DENVER (CBS4) – There is a grassroots effort to stop the sale of smartphones to children under 13.
A group called Parents Against Underage Smartphones (PAUS) is collecting signatures to get the initiative on the 2018 ballot.
The group, headed by three doctors, a nurse and a medical student, believes smartphones are addictive, harmful and dangerous in the hands of children.
When skating or scootering at Denver’s Skatepark at 20th and Little Raven streets, kids are texting, talking, or taking pictures. Few could imagine life without a smartphone.
“I’d probably be lost,” said one.
“Tumblr, Facebook, Snapchat, Instagram, messaging, FaceTime, everything done,” said another.
To Dr. Timothy Farnum, that is not a bad thing. Farnum is an anesthesiologist and Founder and President of Parents Against Underage Smartphones.
“We see this in the same light as maybe alcohol or cigarettes,” Farnum told CBS4 Health Specialist Kathy Walsh.
Farnum is the father of five children ages 19 to 11. He sees children constantly on smartphones as addiction to an electric pacifier.
“The kids aren’t playing out there anymore,” Farnum said. “There are certain critical stages of development that are not happening.”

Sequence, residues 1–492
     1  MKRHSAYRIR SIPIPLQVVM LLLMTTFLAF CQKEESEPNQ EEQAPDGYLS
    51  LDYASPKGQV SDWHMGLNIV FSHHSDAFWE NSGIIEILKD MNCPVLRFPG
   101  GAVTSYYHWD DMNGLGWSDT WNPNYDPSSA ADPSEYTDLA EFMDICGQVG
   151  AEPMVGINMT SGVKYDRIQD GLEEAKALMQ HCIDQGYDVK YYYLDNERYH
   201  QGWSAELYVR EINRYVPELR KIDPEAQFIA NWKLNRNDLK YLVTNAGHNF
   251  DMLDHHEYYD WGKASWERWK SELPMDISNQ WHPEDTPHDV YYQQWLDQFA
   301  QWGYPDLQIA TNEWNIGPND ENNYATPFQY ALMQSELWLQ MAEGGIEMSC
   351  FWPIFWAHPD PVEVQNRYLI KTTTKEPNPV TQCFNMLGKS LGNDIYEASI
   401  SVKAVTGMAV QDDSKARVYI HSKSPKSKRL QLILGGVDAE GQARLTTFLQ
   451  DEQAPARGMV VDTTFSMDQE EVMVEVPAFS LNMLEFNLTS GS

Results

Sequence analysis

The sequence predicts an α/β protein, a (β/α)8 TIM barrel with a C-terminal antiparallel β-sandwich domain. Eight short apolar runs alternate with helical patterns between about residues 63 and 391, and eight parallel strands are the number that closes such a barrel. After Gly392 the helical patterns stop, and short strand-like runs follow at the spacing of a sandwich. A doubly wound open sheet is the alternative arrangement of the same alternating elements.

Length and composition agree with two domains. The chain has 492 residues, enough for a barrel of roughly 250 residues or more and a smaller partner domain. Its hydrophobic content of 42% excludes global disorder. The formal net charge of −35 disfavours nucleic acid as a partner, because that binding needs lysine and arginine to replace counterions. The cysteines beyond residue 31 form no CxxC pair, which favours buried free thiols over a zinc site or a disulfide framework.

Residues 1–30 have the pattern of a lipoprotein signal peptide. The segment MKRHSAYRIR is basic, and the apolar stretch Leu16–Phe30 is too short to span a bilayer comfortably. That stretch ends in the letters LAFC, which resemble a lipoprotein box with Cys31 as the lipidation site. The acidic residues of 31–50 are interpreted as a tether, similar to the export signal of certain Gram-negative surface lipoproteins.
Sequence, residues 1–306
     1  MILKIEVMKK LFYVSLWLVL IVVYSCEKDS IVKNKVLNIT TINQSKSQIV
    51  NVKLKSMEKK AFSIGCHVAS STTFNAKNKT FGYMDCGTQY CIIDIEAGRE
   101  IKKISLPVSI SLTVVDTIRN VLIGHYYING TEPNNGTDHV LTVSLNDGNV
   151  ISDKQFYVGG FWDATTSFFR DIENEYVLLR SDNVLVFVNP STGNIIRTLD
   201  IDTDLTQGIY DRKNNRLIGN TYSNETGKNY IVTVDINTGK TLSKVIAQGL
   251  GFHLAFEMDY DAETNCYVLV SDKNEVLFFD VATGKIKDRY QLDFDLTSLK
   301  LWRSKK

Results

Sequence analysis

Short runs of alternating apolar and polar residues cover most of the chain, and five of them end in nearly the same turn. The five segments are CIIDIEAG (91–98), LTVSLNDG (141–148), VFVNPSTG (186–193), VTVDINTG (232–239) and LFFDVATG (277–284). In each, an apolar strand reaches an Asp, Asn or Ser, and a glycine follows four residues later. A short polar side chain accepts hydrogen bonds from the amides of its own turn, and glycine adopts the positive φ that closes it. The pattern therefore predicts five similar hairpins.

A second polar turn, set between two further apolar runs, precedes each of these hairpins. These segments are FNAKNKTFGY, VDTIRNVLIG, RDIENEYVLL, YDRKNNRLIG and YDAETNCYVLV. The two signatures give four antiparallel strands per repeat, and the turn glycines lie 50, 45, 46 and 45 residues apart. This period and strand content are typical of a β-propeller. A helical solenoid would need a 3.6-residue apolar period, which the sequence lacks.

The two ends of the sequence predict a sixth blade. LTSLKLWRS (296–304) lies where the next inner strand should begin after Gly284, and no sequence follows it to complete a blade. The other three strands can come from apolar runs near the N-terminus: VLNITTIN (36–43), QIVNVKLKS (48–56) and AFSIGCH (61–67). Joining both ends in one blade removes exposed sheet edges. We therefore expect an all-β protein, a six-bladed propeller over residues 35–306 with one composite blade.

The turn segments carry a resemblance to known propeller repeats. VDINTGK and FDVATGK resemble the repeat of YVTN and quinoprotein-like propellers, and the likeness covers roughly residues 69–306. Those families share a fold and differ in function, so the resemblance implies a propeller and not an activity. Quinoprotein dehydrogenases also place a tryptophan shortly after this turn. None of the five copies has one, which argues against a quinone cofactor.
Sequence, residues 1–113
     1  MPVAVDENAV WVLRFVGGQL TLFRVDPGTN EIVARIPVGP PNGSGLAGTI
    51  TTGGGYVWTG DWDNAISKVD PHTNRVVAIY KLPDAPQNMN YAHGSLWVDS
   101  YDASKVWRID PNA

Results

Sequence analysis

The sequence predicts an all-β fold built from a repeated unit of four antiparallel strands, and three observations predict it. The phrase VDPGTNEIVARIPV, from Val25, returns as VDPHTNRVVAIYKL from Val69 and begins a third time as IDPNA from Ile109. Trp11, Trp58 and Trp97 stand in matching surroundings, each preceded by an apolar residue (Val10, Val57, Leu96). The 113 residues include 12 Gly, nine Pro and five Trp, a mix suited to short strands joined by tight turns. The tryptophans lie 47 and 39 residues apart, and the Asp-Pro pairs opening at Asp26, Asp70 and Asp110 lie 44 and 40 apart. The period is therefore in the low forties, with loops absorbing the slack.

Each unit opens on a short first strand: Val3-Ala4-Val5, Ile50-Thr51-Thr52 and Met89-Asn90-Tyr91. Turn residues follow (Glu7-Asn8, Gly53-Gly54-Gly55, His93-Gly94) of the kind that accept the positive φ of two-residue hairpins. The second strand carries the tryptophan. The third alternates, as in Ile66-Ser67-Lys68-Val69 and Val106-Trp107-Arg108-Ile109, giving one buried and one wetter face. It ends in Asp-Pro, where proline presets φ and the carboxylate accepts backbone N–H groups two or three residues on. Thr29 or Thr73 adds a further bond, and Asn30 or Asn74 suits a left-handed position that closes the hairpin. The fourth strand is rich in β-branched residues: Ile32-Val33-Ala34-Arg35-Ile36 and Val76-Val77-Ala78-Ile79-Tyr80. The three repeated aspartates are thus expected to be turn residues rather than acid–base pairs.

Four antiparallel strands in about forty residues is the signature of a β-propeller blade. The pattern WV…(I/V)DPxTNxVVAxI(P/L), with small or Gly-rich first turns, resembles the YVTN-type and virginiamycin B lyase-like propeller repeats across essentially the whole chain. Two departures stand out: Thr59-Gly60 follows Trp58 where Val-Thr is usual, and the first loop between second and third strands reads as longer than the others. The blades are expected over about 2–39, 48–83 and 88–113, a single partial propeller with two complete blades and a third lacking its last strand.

So PAUS is gathering signatures to get an initiative on the 2018 ballot that would prohibit the sale of smartphones to children under 13.
“I think that that’s not a bad idea,” said new mother Alisha Wilkins.
But others at “The mama’hood” in Denver’s LoHi neighborhood say “no” to the initiative. Molly Mills has three daughters.
“I don’t disagree with the fact that it can be dangerous in the wrong hands, but I think that we need to teach responsibility,” said Mills.
Eleven-year-old Ethan Farnum understands his father’s concern. But he says his phone was stolen and now he won’t get another until he turns 13.
Ethan had the following exchange with Walsh:
Walsh: But you are counting the months …
Walsh: And the days …
Walsh: You want that phone …
The ballot initiative would fine retailers who sell smartphones to or for preteens after having been warned. Fines start at $500 and the maximum is $20,000. The Department of Revenue would handle the enforcement.
For more information visit pausamerica.com.